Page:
Stress: Understanding & Managing It
There are times in our lives when we all experience some degree of stress that may feel overwhelming. As defined by Hans Selye in 1926: “stress is the non-specific response of the body to any demand placed upon it,” in any combination of physical, mental, emotional, or environmental.
There are certain amounts of stress that can be beneficial, and even positive. The “right” amount of stress can keep us alert and focused, giving us the ability to have a better understanding of our strengths and resilience to meet challenges.
Often times, however, stress comes to our attention when there is an overwhelming sense of strain and pressure. Symptoms can include:
- Constant worrying
- Memory problems
- Lack of concentrate
- Poor judgment
- Lacking energy
- Seeing only the negative
- Anxious or racing thoughts
- Irritability or short temper
- Agitation, inability to relax
- Feeling overwhelmed
- Sense of loneliness and isolation
- Problems sleeping
- Lowered immune system
The way in which we individually manage stress is unique to each of us, just as what creates stress for each of us can be unique. In other words: what may cause stress for me, may not be a cause of stress for another person. Understanding what creates stress for you can be valuable in managing it, and potentially using stress to your advantage.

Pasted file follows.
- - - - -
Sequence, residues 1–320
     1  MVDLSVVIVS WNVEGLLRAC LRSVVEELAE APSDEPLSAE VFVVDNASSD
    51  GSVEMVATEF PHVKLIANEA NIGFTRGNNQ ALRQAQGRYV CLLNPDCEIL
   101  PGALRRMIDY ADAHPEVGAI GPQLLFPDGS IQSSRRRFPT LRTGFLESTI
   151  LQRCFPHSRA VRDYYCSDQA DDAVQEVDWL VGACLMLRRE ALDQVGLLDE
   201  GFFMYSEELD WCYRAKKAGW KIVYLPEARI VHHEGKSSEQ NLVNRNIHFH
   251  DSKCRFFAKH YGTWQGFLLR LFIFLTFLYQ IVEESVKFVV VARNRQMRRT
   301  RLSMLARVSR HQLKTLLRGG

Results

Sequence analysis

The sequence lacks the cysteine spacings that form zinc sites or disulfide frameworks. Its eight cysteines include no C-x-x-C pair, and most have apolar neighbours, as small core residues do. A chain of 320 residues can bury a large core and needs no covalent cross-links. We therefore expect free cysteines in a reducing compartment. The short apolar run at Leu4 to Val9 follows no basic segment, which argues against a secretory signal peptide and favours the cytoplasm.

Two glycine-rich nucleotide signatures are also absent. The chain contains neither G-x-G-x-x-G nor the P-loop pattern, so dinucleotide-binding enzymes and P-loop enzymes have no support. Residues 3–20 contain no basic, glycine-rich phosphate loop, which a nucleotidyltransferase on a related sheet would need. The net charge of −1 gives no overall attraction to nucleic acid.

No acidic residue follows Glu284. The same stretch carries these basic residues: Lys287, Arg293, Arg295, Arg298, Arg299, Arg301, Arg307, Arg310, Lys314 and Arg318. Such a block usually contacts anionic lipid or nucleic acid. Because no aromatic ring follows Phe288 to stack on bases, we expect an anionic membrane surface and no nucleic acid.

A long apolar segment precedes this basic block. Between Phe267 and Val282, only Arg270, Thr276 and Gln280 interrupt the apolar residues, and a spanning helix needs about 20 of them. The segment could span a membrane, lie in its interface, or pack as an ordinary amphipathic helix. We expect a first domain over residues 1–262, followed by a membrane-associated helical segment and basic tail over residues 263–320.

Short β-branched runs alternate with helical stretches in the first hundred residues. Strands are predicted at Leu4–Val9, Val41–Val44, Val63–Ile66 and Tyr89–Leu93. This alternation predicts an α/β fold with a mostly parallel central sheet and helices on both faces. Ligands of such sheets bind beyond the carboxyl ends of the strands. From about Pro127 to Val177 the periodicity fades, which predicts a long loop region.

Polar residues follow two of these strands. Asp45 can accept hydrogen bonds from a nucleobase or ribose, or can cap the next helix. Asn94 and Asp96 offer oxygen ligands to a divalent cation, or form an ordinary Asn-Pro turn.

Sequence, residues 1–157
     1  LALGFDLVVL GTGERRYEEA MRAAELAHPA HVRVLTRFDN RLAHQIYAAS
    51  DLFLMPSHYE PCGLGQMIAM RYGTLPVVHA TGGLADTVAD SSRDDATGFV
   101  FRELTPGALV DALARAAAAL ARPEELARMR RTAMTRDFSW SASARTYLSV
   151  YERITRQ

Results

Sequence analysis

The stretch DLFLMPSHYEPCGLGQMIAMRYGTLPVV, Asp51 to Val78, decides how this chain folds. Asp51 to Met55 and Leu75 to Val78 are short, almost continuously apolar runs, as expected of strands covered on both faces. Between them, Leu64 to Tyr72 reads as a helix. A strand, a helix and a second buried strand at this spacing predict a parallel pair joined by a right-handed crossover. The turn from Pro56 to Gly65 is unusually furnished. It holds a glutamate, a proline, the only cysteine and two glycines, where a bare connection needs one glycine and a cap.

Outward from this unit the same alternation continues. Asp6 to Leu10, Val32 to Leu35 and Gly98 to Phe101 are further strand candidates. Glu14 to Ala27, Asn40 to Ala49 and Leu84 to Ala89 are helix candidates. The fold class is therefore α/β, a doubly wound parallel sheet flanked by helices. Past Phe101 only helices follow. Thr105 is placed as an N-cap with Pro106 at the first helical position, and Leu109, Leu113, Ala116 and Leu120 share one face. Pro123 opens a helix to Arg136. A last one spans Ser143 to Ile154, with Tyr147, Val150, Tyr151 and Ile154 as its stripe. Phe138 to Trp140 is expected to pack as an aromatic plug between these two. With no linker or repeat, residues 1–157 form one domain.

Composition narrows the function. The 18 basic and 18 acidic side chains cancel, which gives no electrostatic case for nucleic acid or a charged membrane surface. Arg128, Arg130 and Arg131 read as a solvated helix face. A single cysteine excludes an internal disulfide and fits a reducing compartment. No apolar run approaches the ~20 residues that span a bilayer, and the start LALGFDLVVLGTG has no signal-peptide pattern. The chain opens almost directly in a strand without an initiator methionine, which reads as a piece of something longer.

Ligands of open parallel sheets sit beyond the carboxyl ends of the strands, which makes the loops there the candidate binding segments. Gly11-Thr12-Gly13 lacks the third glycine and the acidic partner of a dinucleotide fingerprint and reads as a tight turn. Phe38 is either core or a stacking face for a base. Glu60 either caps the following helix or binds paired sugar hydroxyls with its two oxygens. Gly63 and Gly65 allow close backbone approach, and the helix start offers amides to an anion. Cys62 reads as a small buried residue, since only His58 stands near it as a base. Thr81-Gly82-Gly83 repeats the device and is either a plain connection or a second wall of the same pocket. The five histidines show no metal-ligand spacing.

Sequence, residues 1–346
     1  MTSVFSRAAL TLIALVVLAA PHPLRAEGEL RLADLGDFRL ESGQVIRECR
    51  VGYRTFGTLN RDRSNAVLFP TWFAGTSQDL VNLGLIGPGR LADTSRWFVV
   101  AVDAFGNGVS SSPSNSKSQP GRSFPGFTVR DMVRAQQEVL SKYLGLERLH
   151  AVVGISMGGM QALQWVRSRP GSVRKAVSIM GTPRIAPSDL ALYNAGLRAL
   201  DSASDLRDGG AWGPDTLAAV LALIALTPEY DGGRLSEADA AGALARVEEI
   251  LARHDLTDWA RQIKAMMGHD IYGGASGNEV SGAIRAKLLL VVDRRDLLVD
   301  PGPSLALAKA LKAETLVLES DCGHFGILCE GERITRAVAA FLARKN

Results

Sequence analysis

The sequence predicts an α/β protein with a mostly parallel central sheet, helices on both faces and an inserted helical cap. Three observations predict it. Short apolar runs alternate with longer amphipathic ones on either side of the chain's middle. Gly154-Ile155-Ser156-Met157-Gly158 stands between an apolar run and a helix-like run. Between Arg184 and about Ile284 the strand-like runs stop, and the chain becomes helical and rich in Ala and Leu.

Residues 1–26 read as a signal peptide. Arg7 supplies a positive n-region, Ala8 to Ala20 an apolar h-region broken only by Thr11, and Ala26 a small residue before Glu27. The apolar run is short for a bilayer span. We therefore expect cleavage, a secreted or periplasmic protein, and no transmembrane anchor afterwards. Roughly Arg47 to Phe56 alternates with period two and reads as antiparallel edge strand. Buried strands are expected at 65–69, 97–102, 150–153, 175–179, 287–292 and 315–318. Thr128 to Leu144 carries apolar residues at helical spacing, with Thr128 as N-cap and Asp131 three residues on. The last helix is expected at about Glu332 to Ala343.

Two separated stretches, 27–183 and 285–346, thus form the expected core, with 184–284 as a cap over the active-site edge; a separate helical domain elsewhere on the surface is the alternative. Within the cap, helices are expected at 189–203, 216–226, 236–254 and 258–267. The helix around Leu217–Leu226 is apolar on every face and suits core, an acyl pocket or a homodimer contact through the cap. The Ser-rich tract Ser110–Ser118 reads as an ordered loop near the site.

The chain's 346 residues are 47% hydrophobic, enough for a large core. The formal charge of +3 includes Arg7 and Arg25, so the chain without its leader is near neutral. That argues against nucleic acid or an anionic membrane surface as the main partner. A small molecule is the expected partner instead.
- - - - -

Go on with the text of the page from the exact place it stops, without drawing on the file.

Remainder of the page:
Chronic stress can have long-term effects on your physical health including a compromised immune system which may leave you more susceptible to illness, as well increasing sensitivity to anxiety and depression.
It may be beneficial to seek support if you are experiencing overwhelming stress, and/or noticing that you are coping by temporary measures including withdrawing, using substances, procrastinating, and external distractions.
While there are many methods of managing and understanding your stress, support can come from your network of family and friends, or perhaps in the form of an organized group of others who are experiencing similar challenges with stress and stressors.
Therapy can also be an effective source of support, where you can work together with a knowledgeable therapist who can assist you in understanding the physical, environmental, interpersonal, and psychological sources of your stress. Once you can have a better understanding of the sources of your stress, you can then find ways to reduce your level of stress, and develop strategies to manage your experiences of stress.